Today is the International Day of the Girl Child. Recognizing the rights of our girls and the unique challenges they face around the world is a parenting responsibly for all of us, no matter where we live. Girls of all ages face violence, discrimination and abuse every day across all of our nations.
It is a sad but true reality, one that we don’t talk about enough. It is with great hope that this global day of observance serves to highlight and generate awareness, advocacy and conversations about how we can empower and safeguard our girls to make certain their human rights are met, everywhere. From UN Secretary-General Ban Ki-moon’s message on the UN website…
“Investing in girls is a moral imperative a matter of basic justice and equality. It is an obligation under the Convention on the Rights of the Child and the Convention on the Elimination of All Forms of Discrimination against Women. It is also critical for achieving the Millennium Development Goals, advancing economic growth and building peaceful, cohesive societies.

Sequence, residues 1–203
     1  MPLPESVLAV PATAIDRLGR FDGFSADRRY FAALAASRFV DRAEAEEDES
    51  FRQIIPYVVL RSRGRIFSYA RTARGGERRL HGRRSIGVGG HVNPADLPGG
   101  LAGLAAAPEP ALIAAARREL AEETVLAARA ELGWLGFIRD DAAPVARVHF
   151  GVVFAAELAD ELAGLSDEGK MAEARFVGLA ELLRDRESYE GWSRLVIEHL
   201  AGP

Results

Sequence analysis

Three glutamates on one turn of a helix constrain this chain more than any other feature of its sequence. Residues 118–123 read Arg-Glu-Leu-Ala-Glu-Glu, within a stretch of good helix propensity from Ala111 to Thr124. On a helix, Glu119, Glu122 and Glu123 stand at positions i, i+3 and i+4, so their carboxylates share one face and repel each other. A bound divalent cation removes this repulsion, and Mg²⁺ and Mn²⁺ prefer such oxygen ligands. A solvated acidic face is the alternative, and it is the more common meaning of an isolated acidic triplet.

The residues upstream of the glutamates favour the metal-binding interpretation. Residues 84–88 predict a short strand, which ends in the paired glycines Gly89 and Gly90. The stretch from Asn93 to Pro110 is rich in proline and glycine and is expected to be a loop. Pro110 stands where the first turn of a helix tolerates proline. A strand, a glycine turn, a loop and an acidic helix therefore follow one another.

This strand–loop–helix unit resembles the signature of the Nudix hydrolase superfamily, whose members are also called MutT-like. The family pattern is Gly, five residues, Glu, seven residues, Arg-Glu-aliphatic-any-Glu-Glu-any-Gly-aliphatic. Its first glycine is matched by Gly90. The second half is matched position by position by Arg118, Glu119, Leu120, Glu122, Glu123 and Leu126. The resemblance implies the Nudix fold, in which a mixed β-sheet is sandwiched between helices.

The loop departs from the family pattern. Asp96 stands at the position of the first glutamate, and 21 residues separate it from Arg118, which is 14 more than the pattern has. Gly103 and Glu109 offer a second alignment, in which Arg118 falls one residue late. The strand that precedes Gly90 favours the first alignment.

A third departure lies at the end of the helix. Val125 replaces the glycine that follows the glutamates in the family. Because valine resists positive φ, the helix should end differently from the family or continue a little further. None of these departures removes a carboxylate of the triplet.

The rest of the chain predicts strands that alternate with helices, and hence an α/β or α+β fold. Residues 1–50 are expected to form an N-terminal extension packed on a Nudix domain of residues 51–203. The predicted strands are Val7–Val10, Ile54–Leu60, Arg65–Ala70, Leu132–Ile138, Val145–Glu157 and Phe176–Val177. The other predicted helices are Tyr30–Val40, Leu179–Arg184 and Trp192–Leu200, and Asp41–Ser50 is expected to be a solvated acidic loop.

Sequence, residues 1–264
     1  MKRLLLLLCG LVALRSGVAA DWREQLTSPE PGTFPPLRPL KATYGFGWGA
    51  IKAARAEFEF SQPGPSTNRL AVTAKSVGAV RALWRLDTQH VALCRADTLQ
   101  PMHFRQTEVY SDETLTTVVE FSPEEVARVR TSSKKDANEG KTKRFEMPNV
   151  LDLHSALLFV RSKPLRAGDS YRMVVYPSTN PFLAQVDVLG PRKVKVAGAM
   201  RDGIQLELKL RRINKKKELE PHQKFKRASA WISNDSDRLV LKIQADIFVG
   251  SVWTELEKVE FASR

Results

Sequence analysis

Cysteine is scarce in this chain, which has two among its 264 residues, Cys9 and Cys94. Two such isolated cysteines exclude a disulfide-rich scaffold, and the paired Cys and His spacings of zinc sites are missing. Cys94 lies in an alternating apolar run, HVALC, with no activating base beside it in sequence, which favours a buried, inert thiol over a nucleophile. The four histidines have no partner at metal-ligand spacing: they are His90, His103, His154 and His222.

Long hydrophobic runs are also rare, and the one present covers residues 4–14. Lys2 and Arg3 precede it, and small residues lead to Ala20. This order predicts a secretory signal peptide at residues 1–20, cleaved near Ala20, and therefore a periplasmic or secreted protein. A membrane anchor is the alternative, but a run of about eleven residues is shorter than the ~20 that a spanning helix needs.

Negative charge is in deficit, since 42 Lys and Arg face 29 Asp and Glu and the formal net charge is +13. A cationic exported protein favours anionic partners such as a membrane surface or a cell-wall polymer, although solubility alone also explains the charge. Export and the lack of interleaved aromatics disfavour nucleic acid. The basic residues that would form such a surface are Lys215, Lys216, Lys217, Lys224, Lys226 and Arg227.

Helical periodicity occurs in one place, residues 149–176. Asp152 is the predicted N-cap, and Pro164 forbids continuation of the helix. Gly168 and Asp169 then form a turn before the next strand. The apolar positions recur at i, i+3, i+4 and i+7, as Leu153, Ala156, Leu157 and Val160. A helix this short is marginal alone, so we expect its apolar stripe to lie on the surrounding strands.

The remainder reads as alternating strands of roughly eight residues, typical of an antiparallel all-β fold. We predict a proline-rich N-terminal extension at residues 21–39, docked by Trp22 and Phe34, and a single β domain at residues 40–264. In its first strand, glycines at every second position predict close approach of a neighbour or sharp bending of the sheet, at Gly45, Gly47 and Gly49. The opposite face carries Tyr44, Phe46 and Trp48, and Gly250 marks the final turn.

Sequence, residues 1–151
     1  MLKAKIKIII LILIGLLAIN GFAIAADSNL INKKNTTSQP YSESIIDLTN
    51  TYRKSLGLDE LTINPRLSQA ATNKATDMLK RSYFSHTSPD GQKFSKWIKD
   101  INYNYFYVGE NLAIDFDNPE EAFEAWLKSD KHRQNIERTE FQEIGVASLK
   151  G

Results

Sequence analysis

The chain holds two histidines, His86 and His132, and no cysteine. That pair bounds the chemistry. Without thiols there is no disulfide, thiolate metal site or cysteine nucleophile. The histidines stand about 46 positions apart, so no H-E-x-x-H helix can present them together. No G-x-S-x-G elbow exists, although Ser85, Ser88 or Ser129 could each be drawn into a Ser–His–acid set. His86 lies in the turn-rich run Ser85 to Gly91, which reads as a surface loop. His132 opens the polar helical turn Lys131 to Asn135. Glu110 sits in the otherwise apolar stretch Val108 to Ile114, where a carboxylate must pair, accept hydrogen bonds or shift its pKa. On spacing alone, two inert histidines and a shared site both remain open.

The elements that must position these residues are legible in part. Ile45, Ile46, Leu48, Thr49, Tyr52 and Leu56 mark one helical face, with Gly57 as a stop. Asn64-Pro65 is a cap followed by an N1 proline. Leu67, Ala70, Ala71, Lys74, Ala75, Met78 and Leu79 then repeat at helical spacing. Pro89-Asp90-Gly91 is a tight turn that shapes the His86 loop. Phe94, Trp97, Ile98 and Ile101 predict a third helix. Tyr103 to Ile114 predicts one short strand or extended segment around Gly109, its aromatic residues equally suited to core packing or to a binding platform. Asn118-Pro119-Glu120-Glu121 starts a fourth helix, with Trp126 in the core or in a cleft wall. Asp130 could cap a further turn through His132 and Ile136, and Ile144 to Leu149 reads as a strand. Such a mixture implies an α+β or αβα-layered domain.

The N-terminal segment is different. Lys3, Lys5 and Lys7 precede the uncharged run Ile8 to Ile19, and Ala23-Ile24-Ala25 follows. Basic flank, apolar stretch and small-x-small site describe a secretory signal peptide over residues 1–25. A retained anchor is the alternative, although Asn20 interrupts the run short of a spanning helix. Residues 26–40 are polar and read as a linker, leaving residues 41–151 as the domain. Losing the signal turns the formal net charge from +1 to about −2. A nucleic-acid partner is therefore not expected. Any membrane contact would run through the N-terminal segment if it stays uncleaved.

For this inaugural day, the United Nations is focusing on the issue of child marriage. Globally, around 1 in 3 young women aged 20 to 24 — approximately 70 million — were married before the age of 18. Despite a decline in the overall proportion of child brides in the last 30 years, the challenge persists, particularly in rural areas and among the poorest. If present trends continue, the number of girls who will marry by their 18th birthday will climb towards 150 million in the next decade.
Child marriage divorces girls from opportunity. It jeopardizes health, increases exposure to violence and abuse, and results in early and unwanted pregnancies an often life-threatening risk. If a mother is under the age of 18, her infant’s risk of dying in its first year of life is 60 per cent greater than that of an infant born to a mother older than 19.